Election Campaigning Japanese Style

Front Cover
Columbia University Press, 2009 - Political Science - 276 pages

Running for public office in postwar Japan requires the endorsement of a political party and a sophisticated system of organizational support. In this volume, Gerald L. Curtis provides a detailed case study of the campaign of Sato Bunsei, who in 1967 ran for the Lower House of Japan's parliament as a nonincumbent candidate of the ruling Liberal Democratic Party. Sato's district consisted of a modern urban center and a tradition-bound rural hinterland and featured a dynamic dialectic between old and new patterns of electioneering, which led Sat? to innovate new strategies and techniques.

Since its publication in 1971, sociologists and anthropologists as well as political scientists have considered Curtis's microanalysis of Japan's political system to be a vital historical document, offering insights into Japanese social behavior and political organization that are still relevant. The Japanese edition of Curtis's pioneering study, Daigishi No Tanjo, a best-seller, is valued today as a classic and read and cited by journalists, politicians, and scholars alike. This edition features a new introduction in which the author reflects on the reception of his book and on the changes in Japan's election process since its publication.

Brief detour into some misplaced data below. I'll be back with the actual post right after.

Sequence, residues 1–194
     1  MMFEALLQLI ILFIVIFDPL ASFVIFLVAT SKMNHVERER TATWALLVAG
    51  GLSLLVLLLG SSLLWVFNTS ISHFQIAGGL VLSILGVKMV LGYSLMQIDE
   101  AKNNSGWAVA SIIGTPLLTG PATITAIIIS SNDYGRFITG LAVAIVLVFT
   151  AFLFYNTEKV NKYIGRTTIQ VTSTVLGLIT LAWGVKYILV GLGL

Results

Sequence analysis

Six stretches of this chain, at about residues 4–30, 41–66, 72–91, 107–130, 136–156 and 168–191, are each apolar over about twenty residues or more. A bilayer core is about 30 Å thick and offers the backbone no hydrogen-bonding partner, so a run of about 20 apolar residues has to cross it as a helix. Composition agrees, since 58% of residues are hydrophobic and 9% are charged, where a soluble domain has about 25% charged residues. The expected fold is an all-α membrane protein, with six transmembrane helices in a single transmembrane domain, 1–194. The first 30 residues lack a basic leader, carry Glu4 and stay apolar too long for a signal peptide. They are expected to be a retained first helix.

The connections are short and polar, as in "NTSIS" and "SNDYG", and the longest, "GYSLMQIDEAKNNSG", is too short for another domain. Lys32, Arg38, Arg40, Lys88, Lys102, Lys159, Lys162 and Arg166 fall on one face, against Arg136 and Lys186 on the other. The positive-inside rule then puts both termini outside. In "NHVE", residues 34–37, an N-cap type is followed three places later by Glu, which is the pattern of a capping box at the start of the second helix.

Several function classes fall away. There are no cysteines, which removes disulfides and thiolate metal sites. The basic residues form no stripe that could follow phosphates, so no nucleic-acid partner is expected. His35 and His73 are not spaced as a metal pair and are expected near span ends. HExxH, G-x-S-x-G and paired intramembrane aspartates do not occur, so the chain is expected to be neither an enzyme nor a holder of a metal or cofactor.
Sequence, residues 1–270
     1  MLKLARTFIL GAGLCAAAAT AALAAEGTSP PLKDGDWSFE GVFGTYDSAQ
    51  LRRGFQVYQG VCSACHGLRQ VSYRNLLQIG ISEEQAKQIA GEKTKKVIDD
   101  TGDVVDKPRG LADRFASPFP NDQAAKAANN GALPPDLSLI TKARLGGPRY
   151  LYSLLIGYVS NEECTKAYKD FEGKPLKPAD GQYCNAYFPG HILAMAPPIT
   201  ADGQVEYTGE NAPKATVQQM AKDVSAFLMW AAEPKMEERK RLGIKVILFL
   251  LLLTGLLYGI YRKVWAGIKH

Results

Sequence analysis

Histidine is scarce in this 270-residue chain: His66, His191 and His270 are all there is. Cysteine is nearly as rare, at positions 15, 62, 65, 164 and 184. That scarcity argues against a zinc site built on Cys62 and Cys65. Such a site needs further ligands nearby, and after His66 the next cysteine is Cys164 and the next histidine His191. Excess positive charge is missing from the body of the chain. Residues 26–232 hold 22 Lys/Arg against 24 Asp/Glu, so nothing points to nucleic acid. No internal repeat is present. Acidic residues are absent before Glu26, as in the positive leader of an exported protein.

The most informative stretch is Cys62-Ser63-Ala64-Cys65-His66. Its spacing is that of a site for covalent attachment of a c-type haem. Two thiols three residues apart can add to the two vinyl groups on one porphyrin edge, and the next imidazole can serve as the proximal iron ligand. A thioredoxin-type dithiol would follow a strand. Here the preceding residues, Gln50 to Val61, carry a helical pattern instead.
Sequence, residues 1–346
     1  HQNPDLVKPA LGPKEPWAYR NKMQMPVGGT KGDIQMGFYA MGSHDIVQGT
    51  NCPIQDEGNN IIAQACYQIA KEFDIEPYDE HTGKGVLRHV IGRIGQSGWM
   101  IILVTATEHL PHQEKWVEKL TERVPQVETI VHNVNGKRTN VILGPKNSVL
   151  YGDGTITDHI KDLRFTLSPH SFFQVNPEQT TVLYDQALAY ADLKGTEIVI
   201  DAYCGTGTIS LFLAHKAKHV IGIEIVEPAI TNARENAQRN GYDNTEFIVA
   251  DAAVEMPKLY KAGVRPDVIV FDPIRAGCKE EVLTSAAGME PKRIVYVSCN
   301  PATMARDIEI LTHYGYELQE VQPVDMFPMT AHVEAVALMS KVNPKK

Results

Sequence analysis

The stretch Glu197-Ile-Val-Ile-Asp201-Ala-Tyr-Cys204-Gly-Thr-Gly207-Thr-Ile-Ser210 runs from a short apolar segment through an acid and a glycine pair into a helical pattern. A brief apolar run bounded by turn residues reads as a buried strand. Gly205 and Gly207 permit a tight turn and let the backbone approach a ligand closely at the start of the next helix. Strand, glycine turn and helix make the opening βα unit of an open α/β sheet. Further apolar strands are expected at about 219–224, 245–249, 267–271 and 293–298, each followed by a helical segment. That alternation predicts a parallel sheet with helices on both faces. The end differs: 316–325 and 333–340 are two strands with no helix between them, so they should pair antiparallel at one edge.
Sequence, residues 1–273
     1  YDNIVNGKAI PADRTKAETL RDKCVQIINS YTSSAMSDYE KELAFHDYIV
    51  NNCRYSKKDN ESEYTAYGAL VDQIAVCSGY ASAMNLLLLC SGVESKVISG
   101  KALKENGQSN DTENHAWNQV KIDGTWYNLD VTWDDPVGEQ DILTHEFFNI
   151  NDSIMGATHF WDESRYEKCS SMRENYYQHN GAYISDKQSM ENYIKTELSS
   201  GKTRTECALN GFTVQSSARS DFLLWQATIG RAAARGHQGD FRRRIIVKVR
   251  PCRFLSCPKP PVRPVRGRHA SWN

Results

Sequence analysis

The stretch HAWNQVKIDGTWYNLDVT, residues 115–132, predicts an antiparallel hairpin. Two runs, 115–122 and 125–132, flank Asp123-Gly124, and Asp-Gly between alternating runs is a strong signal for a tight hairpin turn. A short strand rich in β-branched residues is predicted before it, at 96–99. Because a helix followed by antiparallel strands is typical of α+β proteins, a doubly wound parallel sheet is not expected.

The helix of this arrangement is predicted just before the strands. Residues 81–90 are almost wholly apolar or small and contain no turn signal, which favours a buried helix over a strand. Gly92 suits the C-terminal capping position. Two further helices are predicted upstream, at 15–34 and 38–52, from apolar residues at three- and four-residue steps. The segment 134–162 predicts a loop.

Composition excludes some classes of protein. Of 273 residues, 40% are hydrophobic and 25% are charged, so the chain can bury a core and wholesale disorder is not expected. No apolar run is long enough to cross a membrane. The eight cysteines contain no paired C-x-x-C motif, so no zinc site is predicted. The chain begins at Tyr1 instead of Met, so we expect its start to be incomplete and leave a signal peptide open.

What people are saying - Write a review

We haven't found any reviews in the usual places.

Other editions - View all

About the author (2009)

Gerald L. Curtis is Burgess Professor of Political Science at Columbia University and the former director of the East Asian Institute. He is the author of The Japanese Way of Politics and The Logic of Japanese Politics.

Bibliographic information